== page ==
Songwriter

I force myself to write a song;
I find it hard to write.
What will it take to make it strong?
I strive with all my might.

And even if there’s no one else
To listen to my song,
I’d never give up on my gift.
To do so would be wrong.

Success is not the only goal
That one can have in life.
At least, I’ve made the effort;
At least, at least, I’ve tried.

And when my days have quickly passed,
And I have no more voice,
I’ll still feel gladness at the last,
Although my eyes are moist.

Copyright 2020 Dennis Cortes

Photo by Jefferson Santos on Unsplash

Rain

Believe the raindrops from above;
There is a Providence that cares.
Lovingkindness watches o’er us,
Watering plants and trees and grass.

The earth drinks in the pouring rain;
The skies are happy to oblige.
The gifts of heaven, daily given,
Are free. Receive – and more besides!

2020 Copyright Dennis Cortes

Photo by Geetanjal Khanna on Unsplash

Temptation

I totter on the steep cliff’s edge.
The roaring waves like music
Beckon to me: “Hurl thyself
Onto the waiting rocks!”

Ne’er have Jaws been so alluring;
Flames leap up the watery pit.
Devils’ heartbeats are expecting:
”Come on down! Come, lift thy feet!”

(I think it’s a good idea to write a poem every time I write a devotional. That way I get to hit two birds with one stone. I also think it would be a good idea to sometimes explain what I’ve written. For example, the poem above is not an encouragement to end one’s life. It’s a picture of temptation. I wanted to capture horrific aspects of temptation: seduction, destruction, enticement, hellishness, etc. It’s serious and demonic and not something to treat lightly. And yes, giving in to temptation is akin to suicide.)

Photo by Lane Smith on Unsplash

Copyright Dennis Cortes 2020

Something in my hand

I carry something in my hand
as heavy as this big round world:
A book so full of heavenly wisdom,
more precious than perishable gold.

An explanation is in order: I’m now applying Atomic Habits to my blogging. Since it’s so difficult for me to get started writing a poem nowadays, I decided to write just one stanza a week. At least I get to write something. Better than nothing.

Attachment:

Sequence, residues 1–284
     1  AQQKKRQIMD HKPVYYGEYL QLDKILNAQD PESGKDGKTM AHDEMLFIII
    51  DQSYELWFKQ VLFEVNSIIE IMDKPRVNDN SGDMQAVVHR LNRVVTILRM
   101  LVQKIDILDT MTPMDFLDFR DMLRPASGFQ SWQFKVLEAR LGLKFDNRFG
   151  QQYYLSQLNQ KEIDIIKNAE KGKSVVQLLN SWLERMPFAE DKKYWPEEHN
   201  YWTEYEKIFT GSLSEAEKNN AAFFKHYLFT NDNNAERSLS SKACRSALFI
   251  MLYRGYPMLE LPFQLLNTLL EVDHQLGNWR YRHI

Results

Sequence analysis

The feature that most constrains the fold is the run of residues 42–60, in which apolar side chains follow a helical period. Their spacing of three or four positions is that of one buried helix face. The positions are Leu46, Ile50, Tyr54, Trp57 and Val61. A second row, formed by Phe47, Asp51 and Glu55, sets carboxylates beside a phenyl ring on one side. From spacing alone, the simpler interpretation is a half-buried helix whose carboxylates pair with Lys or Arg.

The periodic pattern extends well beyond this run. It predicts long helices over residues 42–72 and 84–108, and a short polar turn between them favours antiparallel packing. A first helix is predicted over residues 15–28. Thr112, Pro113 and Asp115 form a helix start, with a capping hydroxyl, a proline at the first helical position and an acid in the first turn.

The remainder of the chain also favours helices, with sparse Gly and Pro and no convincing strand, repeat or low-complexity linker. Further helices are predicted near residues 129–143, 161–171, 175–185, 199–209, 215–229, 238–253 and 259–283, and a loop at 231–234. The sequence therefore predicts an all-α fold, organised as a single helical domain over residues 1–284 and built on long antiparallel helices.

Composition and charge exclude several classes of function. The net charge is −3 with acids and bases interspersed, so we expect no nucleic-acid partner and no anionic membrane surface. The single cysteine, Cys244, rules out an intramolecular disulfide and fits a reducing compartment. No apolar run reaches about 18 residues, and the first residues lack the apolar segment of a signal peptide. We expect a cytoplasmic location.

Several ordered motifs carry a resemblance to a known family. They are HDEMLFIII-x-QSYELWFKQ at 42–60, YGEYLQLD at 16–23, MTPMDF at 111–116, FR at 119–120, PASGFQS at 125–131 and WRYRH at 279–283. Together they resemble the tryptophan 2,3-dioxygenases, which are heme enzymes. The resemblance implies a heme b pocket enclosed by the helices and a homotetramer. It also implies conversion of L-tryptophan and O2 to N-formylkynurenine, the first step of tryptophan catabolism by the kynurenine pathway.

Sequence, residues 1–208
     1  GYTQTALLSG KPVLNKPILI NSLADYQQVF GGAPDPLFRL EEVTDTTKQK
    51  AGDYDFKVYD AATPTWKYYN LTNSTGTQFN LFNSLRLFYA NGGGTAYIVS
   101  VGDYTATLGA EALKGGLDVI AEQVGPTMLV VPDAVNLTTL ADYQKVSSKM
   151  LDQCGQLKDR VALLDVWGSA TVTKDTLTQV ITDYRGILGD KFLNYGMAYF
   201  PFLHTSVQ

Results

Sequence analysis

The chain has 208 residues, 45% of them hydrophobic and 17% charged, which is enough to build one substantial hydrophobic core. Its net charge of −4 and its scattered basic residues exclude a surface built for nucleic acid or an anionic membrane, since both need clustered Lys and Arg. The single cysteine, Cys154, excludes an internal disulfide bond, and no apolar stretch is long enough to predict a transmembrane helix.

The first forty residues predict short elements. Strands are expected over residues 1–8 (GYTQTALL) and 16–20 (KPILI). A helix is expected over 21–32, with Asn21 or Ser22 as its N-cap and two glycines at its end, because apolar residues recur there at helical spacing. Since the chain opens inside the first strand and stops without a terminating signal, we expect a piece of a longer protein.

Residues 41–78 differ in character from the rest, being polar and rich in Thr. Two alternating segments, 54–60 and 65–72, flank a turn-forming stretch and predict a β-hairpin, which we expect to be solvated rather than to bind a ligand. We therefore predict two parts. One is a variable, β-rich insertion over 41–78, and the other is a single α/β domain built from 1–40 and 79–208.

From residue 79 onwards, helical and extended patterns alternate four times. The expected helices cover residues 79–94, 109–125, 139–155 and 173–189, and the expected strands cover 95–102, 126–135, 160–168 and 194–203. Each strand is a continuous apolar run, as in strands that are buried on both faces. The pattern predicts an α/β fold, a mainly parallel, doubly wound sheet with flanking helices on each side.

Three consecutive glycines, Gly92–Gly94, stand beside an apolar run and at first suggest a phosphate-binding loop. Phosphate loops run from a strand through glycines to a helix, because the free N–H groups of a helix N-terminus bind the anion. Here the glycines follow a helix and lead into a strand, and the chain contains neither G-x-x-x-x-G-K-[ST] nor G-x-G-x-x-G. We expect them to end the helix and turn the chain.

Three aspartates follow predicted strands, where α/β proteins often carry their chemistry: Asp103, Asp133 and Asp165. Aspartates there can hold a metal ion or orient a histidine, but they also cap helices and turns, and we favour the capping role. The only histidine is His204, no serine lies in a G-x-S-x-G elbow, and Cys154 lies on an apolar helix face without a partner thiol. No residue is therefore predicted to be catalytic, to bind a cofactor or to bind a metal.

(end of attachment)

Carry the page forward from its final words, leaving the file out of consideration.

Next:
Copyright Dennis Cortes 2020

Lead Us Not Into Temptation

TEXT:

Matthew 6:13

And lead us not into temptation, but deliver us from evil.

INTRODUCTION

Sin is the Christian’s greatest grief. Christians can still sin and this happens when we succumb to temptation. Temptation isn’t sin, but giving in to temptation is. We need to be prepared for temptation when it strikes. We should prepare ahead of time how we may avoid it.

EXPLANATION

Temptation is common to man (1 Cor. 10:13). It is part of human experience. Christians are not exempt from temptation. Even the Lord Jesus Christ himself was tempted in the wilderness.

God is not the author of temptation (James 1:13, 15), but he is the governor of it. He does not directly tempt anyone, but he does allow it in accordance with his own wise and good purposes. Thus, he allowed Satan to sift Peter like wheat (Luke 22:31-32). And Joseph could say to his brothers who did a lot of evil towards him, “You meant it for evil, but God meant it for good” (Genesis 50:20).

We need God’s help to avoid and overcome temptation (Hebrews 2:18). We can’t do in in our own strength.

But although God provides the strength and the wisdom, we are to also exercise responsibility in the matter. We are to watch and pray that we may not enter into temptation (Matthew 26:41). And we are to resist the devil, so that he may flee from us (James 4:7). We should also plan ahead to avoid circumstances that unnecessarily expose us to temptations. Ironically, we sometimes tempt the devil to tempt us!

APPLICATION

Do we regularly pray to be preserved from temptation and delivered from the evil one?

Photo by Nick Coleman on Unsplash

For me to live is Christ

TEXT:

Philippians 1:19-30

INTRODUCTION:

Probably the most important question in life is: What is the meaning of my life? How should I live my life? Paul answers this question in a very straightforward manner: To live is Christ. And why not? After all, he gave his life for us!

2 Corinthians 5:15 ESV
[15] and he died for all, that those who live might no longer live for themselves but for him who for their sake died and was raised.

Philippians 1:20
as it is my eager expectation and hope that I will not be at all ashamed, but that with full courage now as always Christ will be honored in my body, whether by life or by death.

Continue reading “For me to live is Christ”

To be frank . . .

I’ve been wondering lately about what my blogging is accomplishing, if any. What I’ve noticed is this:

Most of those who follow my blog do so after reading a poem or a devotional that I’ve written. Almost no one follows my blog after reading a legal article that I’ve written.

Also, it’s my poems that get the most likes. That’s an encouragement to me, actually, because I don’t really consider myself as being a good poet.

But it’s my legal articles that get the most traffic and practically all of these articles were written by me years ago! Everyday there’s someone who visits this blog in order to read a legal article that I’ve posted. A few of these articles comprise more than 50%, I think, of all the views I’ve gotten on this blog.